I also know how to "win" the war in Afghanistan because I'm THAT brilliant! lol... one word: roads! There is currently only one single paved "highway" in Afghanistan outside of Kabul or Kandahar that "rings" the country (aka Ring Road); with 85% or more of the population several hours away in every direction. I believe that 20-30k miles of paved road, branching in every direction, will solve most of the problems we still face in Afghanistan. Our single biggest problem there is the inability of the central government and NATO troops to reach the population with support or assistance more than once a year, due to weather and the complete lack of decent roads. Solve that problem, and you succeed in Afghanistan.

Oh, and allow our forces to invade and wipe out most of the extremist scumbags in NW Pakistan.

end-o-story. Just remember folks, you heard it here first!
 

shadow9d9

Diamond Member
Jul 6, 2004
8,132
1
0
Originally posted by: palehorse74
Originally posted by: OrByte
Originally posted by: palehorse74
Originally posted by: Bowfinger
Also note his claim that foreign fighters are the major problem. While this is a common talking point of the Bush faithful, it has been consistently refuted by both external sources and the Pentagon, which has reported foreigners comprise a minor portion of the insurgency (less than 10% IIRC).
What the letter states was actually true back in early 2005; which, coincidentally, is when this note was supposedly written.

And the use of 3rd-person is very common when Vets write of the war after they return home from a tour there. (duh!)

Heck, if the Commandant of the MC walked up and personally handed you a letter like this one, most of you would still dismiss it outright as the fantasy of some un-edjuh-bi-cated jarhead because it doesn't fit with your coffee-shop image of Iraq.

As you've already noted, the fighters in Iraq are primarily local insurgents these days. However, there are still foreign fighters in Iraq; many of whom are indeed training and arming the local insurgents on one side or the other in the Sunni vs. Shiite hostilities. Both Iranians and Syrians are actively participating; as well as Chechens and other extremists from various terrorist groups.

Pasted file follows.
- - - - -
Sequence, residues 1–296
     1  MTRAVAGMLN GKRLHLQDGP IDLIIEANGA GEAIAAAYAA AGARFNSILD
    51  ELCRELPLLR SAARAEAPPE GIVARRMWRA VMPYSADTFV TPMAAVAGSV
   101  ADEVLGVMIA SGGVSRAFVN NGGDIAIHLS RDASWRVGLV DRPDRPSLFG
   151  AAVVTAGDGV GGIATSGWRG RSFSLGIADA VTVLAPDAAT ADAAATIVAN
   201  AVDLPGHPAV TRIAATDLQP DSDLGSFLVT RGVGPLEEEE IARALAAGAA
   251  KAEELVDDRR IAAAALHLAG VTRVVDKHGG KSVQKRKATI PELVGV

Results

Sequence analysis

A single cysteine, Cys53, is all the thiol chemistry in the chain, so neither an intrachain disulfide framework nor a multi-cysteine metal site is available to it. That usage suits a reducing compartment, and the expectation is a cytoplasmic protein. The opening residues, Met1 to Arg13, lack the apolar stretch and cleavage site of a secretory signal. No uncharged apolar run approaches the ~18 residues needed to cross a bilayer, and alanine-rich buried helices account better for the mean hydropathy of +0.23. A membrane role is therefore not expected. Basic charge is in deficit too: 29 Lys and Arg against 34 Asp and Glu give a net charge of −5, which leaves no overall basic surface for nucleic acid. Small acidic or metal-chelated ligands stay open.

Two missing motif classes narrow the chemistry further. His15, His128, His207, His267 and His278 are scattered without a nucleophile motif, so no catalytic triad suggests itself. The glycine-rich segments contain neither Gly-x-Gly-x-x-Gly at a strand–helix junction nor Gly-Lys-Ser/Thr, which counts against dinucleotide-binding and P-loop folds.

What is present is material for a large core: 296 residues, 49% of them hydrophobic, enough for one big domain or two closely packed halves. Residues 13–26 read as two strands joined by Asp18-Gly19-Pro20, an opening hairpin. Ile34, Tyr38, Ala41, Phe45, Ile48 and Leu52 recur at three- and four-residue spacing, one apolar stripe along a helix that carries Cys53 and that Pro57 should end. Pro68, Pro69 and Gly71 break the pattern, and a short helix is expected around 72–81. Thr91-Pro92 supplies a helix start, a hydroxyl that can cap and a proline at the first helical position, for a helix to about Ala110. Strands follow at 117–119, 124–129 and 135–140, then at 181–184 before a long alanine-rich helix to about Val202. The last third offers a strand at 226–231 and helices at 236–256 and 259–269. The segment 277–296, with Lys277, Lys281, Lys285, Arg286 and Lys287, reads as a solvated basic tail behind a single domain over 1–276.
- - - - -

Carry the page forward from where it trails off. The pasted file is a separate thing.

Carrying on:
If you follow the link that Dealmonkey posted to the entire body of the original email, the author does make some very accurate assessments of the weaponry and tactics. In doing so, he sounds very much like a soldier and a Vet.

Then again, none of this really matters, does it? Most of you have already decided that fighting for democracy in Iraq is a lost cause. So since the majority of Americans now have this "Cant do" attitude, the only thing we have left is to figure out how to tuck tail and run... right? Quitting is probably the easiest thing to do in this situation, right? We gave it the 'ole college try! After all, in this day and age, giving up and quitting are just fine, right? We encourage our children to not be afraid of failure, and to embrace it as a chance to "learn something," right? We're down 10-8 in the 6th inning, why not just quit now since we know the game is pretty much over, right?

bah.... $%!#%@ civilians...
I think Iraqis have made it pretty clear that our idea of democracy will not last in that country. Instead of working towards a functional state they are embroiled in sectarian violence that shows no end. Yes there has been progress, but at this rate we will see Iraq as a free "democratic" country sometime in 2030, maybe longer. That is unacceptable, and the US should not have to make the sacrifices we make today in order for THEM to take thier sweet @ss time to, "Stand Up." So something has to change NOW, none of this stay the course BS that your kind loves to chant.

The problem with your type of mentality is that you are too afraid to embrace the reality of the situation. Either that or too stupid to know any better. Maybe both?
I'm not of the "stay the course" clique myself. I'd rather re-institute a draft and send 500k more troops to Iraq, lock down every one of their borders, like a glove, put men on every corner in Baghdad and Sadr City, and bring the entire Iraqi infrastructure into the 21st century one pipe, cable, and brick at a time!

I also know how to "win" the war in Afghanistan because I'm THAT brilliant! lol... one word: roads! There is currently only one single paved "highway" in Afghanistan outside of Kabul or Kandahar that "rings" the country (aka Ring Road); with 85% or more of the population several hours away in every direction. I believe that 20-30k miles of paved road, branching in every direction, will solve most of the problems we still face in Afghanistan. Our single biggest problem there is the inability of the central government and NATO troops to reach the population with support or assistance more than once a year, due to weather and the complete lack of decent roads. Solve that problem, and you succeed in Afghanistan.

Oh, and allow our forces to invade and wipe out most of the extremist scumbags in NW Pakistan.

end-o-story. Just remember folks, you heard it here first!
It is funny, your re-instituting the draft idea would be great in that this country would once again learn the consequences of allowing their politicians to run rampant for their own political gain... the those who voted for Bush would have to explain to their children why they were drafted.